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SEVENTH FRAMEWORK PROGRAMME


Ethics in NEMO

The NEMO consortium will carefully address all ethical, legal, social and safety issues as they arise. Given the particular importance attached to ethical issues in neonatal research, a separate work package for the NEMO Study, Study Monitoring and Ethics has been developed (WP 05). A Data Monitoring Commitee (DMC) have been established to oversee all activities relating to study ethics.

The importance of ethics

The neonatal population is a particularly vulnerable group, thus it is our priority to ensure that all participating NEMO centres are in full compliance with EU, national and local ethical guidelines. We carefully consulted the Recommendations of the Ad Hoc group for the development of implementing guidelines for Directive 2001/20/EC "Ethical considerations for clinical trials performed in children" when designing the work packages for clinical trial conduct and study monitoring and ethics. We are very aware of the need for rigorous ethical standards in neonatal research. Neonatal seizure treatment is an area, which has been neglected for too long. The main reasons why there are no larger, controlled studies are because of the ethical and logistic difficulties involved. By making ethics an ongoing concern throughout the project will we be able to do justice to the needs of these babies and their families.

The research activities in this study will include participation of full term newborn infants with seizures, and infants considered to be at high risk of developing seizures. Research into improving our ability to treat neonatal seizures is urgently needed. Neonatal seizures are very different to those in older children and adults, both clinically and electrographically. Therefore only research conducted in newborn babies can inform us on the efficacy and safety of bumetanide as an adjunct therapy for neonatal seizures.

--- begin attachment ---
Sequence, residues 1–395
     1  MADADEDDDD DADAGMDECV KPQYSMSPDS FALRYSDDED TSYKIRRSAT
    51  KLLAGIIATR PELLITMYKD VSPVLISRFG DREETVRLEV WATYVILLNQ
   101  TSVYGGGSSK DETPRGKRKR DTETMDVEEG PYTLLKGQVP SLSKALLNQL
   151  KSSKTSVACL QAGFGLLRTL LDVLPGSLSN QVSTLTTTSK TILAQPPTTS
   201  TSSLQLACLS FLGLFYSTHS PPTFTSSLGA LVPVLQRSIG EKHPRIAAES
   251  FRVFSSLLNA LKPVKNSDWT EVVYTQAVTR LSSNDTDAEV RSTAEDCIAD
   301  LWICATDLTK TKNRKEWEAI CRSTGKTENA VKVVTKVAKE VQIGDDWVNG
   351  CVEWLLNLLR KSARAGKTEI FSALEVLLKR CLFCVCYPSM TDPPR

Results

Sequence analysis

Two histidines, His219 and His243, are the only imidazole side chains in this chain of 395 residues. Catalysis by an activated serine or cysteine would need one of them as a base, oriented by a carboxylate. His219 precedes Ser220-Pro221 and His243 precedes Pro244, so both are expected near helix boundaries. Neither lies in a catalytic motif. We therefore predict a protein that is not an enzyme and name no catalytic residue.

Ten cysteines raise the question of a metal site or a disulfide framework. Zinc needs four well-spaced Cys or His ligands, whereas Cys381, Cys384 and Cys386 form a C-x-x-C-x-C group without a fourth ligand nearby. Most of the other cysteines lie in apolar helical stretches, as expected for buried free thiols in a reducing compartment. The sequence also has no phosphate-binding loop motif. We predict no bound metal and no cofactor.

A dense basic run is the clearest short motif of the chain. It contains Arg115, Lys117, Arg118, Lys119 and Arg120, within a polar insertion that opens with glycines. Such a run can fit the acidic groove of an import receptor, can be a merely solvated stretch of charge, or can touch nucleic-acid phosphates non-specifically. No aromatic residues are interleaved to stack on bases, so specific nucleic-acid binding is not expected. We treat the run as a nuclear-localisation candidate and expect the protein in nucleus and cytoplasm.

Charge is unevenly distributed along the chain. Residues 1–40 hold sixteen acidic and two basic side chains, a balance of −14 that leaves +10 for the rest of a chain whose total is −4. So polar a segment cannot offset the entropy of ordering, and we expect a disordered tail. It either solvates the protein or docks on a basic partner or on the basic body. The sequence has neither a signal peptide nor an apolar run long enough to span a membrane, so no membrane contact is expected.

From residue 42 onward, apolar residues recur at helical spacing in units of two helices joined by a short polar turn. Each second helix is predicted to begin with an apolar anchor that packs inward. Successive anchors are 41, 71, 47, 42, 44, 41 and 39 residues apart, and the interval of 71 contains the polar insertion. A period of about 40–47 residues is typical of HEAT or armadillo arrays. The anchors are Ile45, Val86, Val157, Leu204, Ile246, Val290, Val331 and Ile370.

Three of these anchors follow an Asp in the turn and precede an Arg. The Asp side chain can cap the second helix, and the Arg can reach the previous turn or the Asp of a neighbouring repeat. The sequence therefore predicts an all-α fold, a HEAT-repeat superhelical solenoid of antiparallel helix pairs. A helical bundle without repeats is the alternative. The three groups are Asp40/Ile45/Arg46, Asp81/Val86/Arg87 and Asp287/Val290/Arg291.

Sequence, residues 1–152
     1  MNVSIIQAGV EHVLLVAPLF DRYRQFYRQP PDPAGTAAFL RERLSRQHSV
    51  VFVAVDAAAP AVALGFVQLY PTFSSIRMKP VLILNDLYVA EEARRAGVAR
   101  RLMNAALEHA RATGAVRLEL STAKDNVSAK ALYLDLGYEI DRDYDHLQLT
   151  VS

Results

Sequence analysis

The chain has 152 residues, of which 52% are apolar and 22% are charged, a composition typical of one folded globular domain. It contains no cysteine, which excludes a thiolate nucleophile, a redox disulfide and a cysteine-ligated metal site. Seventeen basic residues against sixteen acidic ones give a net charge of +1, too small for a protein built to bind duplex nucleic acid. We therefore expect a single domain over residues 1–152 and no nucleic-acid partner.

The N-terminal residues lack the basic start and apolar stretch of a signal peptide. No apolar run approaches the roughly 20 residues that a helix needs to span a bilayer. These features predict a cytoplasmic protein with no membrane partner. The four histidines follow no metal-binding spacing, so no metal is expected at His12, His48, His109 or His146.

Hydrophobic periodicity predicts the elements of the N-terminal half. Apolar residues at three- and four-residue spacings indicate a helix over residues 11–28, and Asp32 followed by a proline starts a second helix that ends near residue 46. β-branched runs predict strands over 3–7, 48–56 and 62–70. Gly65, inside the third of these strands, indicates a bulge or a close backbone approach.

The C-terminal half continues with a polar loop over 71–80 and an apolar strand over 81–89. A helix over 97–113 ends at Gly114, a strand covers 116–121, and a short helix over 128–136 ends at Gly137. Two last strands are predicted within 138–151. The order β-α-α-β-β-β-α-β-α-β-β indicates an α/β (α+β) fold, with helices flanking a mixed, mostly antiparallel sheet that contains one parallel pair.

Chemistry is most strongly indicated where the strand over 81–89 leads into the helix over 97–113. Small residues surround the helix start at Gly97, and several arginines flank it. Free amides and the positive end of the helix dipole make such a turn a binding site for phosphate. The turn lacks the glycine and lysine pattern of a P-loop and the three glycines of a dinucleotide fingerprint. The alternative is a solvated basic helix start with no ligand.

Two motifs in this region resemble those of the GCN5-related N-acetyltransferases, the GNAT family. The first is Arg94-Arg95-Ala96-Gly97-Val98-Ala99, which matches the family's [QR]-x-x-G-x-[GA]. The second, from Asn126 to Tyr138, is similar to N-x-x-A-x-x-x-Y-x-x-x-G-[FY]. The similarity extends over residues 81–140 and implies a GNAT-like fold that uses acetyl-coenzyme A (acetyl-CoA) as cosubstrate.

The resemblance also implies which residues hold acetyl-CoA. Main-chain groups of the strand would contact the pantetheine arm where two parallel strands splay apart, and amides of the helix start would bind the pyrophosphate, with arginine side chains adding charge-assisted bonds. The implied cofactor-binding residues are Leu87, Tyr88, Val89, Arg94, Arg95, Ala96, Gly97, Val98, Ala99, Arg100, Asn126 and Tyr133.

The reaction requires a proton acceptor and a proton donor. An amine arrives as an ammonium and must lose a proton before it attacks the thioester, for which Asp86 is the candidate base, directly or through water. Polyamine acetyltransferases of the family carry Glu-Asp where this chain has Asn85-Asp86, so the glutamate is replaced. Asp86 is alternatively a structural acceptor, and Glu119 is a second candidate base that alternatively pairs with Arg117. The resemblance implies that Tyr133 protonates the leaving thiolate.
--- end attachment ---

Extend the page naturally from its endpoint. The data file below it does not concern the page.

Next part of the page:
NEMO study

The coordinator and co-coordinator of the NEMO study will implement the research project in full respect of the legal and ethical European /institutional requirements and codes of practices. The coordinator and sponsors will provide copies of Ethical approval documentation to the Commission and all approvals will be submitted prior to the commencement the trial. Procedures involving newborn infants will conform to the Helsinki Declaration (1975).

Informed consent will be obtained from the parents or guardians of all infants in the participating centres. The leader of the study monitoring and ethics work package (WP 05) will ensure that participating centres are trained in ethical and safety issues associated with the study via a one day workshop before recruitment begins in all centres (WP 02).

Placebo treatment in the neonate is ethically unacceptable. The protocol we propose for NEMO-2 would treat babies with seizures with the standard antiepileptic drug (phenobarbitone) in addition to bumetanide (study drug) or placebo. This means that at no point during the study would a baby only receive placebo or would treatment be withheld or delayed. Placebo in NEMO-2 is not equivalent to absence of treatment, but rather used as an add-on to standard care (as suggested by the "Recommendations of the Ad Hoc group for the development of implementing guidelines for Directive 2001/20/EC on "Ethical considerations for clinical trials performed in children").

"Development of safe and effective treatment strategies relies on future studies of high quality randomized controlled trials (with methodology that assures validity) and of sufficient size to have the power to detect clinically important reductions in mortality and severe neurodevelopmental disability in addition to any short term reduction in seizure burden."

Ethics